Fundamentally, the operation worked except for the Arnhem bridge. The question is why the Arnhem bridge failed. I think we can talk about the delays, chiefly at Nijmegen, but one way or another, the British 1st Airborne failed to secure the bridge in sufficient force. And I would argue that failed because they were dropped too far from the target and over the course of two days (not including the Poles, who were dropped even later). Half the drop on the first day had to secure the next day's LZ; the remainder infiltrate into Arnhem, lacking the manpower to take it by force. Day 2, the other half of the division drops, and the division assembles and moves into position. It's only D3, ~48h after the first drop, the main part of the division ends up having to assault its way into Arnhem against what was by then heavy opposition. Paratroops are lightly armed; they depdend on using surprise to take an objective against relatively weak opposition, and then holding it until the regular army gets there to relieve them. It's inexcusable to be trying to take the target that late.There's also the ignored intel reporting the shattered remnants of 2 SS Panzer divisions in the area, but I don't think they'd have been too huge a problem if the airborne had taken Arnhem immediately as theory would suggest.

    If we look at how the 2nd battalion held the bridge, and how the division held on around Oosterbeek despite being shattered on day 3, we can see that had the entire division captured the city on the first day with all the advantages of defensive terrain, cover, etc., there's a fair chance it could have held even with XXX Corps well behind schedule.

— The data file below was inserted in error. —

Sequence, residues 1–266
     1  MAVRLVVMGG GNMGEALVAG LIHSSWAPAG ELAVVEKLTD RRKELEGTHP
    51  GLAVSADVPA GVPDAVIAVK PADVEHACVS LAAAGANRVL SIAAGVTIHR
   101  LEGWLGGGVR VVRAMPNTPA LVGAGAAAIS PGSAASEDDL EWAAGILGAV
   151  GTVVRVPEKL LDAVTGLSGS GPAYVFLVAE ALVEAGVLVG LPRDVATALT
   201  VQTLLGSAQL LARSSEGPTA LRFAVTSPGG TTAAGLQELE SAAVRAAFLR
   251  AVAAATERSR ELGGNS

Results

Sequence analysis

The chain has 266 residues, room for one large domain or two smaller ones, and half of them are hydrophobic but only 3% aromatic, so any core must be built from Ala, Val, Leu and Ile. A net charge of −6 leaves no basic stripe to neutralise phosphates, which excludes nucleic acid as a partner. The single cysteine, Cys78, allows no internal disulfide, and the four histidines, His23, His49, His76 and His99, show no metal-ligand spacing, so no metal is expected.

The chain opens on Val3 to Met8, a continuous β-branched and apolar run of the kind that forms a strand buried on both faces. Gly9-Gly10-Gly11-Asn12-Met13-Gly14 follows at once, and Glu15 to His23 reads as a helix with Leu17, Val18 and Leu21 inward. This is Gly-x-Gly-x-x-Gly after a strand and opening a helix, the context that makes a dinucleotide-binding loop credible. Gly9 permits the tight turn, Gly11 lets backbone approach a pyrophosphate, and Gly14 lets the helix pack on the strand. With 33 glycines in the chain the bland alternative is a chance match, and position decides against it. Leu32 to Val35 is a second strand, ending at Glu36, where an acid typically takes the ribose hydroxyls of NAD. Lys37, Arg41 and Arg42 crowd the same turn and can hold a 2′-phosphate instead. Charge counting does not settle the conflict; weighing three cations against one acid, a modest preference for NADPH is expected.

The division was dropped over two days because, IIRC, the air force was worried about the resources committed to do it, and it was dropped far from the city due to concerns about flak. I sort of get that, but those compromises undermined the requirements for what paras should do far too much.
     
  3. GoodGuy

    GoodGuy Member

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    1) There are some valid points, but the 1st Bn was unlucky on the first day, it consecutively ran into 2 Kampfgruppen (1st into Weber's then into Allworden's KG). The 3rd Bn was joined by Lathbury and Urquhart who wanted to speed up/monitor the push to the bridge - an understandable but also a pretty bad idea, as the CO of the 3rd Bn then didn't dare to push aggressively/early anymore, with those 2 VIPs in his force.